Figure 21-5 Select the Manage Rules button from the Home tab to open the Rules pane on the right side of the InfoPath Designer.

This particular rule is an Action rule —simple, but useful. The rule simply dictates that when the form user clicks the arrow, InfoPath should take the action of moving them to the next view they will be working with. In this case, clicking the arrow will take the form user to the Formats view.

To see this in action, press the F5 key while inside InfoPath Designer. This will put the form into Preview mode so that you can easily see what the user experience will be at run time. When you have the form opened in Preview mode, click the arrow and notice that you are taken forward to the next view in the form.

View 2 (Formats)

If you are not already back in the Designer, close out of Preview mode and, using the Page Design tab on the ribbon, navigate to the Formats view. One of the first things you’ll notice on the Formats view is that we now have two arrow graphics on the form. Each of these Picture buttons has an Action rule associated with it that allows the user to navigate to either the previous view or the next one.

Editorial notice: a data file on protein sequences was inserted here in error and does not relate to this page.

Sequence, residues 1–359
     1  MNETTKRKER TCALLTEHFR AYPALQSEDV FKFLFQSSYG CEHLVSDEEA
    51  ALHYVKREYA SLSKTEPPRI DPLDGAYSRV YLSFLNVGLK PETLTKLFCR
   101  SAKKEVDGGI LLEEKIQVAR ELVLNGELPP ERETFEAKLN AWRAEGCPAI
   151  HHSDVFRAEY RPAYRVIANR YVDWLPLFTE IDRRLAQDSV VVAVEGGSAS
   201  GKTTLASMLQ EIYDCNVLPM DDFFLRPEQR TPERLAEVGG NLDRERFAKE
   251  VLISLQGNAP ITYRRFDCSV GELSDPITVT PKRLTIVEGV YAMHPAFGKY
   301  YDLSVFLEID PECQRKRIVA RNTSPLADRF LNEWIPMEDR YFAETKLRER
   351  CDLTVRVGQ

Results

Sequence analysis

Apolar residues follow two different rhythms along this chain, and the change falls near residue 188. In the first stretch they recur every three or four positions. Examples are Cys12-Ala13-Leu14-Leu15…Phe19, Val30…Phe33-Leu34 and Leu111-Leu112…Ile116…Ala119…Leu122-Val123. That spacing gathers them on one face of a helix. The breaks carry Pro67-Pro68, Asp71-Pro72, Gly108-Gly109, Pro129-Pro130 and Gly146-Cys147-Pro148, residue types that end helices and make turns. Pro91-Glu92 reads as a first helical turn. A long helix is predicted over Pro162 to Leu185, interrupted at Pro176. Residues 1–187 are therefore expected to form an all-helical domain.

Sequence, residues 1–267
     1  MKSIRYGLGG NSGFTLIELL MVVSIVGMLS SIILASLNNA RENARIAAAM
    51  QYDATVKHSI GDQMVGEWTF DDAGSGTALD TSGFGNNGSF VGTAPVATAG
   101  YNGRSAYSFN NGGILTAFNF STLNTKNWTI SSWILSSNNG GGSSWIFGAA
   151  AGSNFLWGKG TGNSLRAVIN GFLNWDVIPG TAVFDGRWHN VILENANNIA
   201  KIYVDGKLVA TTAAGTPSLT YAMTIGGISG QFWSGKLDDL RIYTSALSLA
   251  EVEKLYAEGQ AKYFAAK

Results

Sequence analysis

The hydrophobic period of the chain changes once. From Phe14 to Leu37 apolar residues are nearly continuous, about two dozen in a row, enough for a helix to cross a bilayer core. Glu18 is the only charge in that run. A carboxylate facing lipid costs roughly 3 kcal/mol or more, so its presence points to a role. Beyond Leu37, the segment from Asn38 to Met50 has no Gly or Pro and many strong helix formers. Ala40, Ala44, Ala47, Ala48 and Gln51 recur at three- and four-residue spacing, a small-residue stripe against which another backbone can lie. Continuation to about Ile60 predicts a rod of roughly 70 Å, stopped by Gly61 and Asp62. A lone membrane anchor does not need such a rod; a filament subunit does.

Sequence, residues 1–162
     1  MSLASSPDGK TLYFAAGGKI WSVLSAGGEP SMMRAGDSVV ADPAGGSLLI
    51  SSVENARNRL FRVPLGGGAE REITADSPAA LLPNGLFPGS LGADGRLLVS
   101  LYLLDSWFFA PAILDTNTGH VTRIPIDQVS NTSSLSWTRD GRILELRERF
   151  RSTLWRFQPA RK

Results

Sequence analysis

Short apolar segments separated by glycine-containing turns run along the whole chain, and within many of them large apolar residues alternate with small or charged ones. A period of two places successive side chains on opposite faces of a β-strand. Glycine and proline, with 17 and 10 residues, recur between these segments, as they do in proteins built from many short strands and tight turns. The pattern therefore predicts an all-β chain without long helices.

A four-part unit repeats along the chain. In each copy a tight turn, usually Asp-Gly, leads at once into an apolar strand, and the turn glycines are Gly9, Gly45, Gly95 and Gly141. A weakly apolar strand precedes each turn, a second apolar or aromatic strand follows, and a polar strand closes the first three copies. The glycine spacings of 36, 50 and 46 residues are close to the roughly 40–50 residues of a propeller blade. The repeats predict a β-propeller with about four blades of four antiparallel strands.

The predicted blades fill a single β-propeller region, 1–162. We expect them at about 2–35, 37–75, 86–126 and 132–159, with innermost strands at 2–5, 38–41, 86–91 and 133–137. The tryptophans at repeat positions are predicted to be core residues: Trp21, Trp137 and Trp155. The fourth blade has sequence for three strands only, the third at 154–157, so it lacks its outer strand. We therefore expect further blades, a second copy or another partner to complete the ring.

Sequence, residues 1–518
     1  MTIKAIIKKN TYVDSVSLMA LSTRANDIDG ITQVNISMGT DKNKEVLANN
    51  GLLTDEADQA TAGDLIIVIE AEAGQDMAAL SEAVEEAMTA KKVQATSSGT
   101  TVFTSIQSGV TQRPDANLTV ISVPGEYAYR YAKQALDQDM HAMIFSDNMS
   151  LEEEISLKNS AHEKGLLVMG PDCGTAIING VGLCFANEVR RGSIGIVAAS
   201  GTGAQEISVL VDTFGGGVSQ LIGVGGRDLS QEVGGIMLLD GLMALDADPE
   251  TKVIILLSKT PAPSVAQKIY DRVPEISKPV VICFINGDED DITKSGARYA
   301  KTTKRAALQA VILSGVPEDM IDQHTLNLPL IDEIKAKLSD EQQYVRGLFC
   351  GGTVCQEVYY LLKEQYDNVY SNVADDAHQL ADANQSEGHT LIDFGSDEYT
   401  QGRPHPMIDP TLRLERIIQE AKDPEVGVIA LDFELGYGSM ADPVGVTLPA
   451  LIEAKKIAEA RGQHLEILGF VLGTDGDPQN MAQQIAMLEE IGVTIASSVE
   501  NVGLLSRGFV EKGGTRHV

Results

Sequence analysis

The primary purpose of the Formats view is to have the user choose whether their records are digital, physical, or both. Each of the icons in the middle of the view is associated (via a rule) with a record format. As with the arrow graphic, if you make one of the graphics the active selection in the Designer and then look at the Rules pane, you will see the details of the rule.

As shown in Figure 21-6, you will be able to see the logic assigned to any particular picture button. Notice that the rule sets both the value of the respective format field and the value of the DisplayLabel field at the same time.

Figure 21-6

Figure 21-6 In the Rules pane, rules are applied to picture buttons.

Use the F5 shortcut to enter Preview mode while in Formats view. This will allow you to see what this view would do for the form user in Run-time mode.

View 3 (Questions)